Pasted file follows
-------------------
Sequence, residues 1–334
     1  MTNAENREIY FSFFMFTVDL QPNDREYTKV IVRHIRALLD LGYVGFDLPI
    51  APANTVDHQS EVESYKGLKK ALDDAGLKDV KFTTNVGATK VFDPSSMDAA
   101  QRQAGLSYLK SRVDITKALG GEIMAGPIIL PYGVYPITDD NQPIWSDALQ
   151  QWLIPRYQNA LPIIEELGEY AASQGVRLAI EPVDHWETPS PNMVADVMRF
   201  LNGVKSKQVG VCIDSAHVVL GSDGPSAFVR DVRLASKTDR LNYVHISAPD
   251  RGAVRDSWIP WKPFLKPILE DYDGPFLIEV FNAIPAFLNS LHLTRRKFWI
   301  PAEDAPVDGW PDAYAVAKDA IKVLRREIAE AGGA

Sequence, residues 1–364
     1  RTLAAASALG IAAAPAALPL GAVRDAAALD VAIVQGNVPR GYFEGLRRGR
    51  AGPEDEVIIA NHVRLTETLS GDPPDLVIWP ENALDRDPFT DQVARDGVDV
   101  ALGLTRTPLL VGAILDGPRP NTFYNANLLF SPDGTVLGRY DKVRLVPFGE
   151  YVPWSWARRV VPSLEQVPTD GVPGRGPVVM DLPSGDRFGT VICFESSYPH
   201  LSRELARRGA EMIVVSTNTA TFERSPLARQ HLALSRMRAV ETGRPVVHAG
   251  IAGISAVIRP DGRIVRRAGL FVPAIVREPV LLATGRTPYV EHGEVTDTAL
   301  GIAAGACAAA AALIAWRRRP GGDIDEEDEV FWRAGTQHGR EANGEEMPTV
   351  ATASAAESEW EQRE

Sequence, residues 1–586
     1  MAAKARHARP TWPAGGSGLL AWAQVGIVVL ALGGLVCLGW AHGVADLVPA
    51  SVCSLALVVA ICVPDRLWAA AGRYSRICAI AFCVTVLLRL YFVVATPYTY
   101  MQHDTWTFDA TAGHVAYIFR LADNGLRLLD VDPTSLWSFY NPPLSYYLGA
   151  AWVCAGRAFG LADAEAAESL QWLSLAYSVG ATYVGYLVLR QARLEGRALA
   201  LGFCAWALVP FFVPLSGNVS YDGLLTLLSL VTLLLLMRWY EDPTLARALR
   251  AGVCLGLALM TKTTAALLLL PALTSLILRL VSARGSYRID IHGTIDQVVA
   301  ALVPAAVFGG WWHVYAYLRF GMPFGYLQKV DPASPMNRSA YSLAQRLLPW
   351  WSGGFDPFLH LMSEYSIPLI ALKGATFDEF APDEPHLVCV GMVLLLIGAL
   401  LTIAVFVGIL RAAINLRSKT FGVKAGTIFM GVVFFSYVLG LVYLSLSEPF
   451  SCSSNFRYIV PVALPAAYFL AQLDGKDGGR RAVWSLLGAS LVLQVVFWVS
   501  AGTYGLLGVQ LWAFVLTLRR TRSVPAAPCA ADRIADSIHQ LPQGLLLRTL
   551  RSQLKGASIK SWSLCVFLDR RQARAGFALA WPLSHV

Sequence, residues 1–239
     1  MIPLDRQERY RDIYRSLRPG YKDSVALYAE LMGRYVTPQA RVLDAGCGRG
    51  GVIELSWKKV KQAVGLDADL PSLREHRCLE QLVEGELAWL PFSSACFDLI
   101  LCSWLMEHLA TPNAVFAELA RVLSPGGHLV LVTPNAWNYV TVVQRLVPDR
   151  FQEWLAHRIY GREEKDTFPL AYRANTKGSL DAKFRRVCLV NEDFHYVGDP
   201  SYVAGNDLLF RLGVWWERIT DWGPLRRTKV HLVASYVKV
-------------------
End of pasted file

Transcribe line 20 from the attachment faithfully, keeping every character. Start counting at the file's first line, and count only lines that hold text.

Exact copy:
    51  SVCSLALVVA ICVPDRLWAA AGRYSRICAI AFCVTVLLRL YFVVATPYTY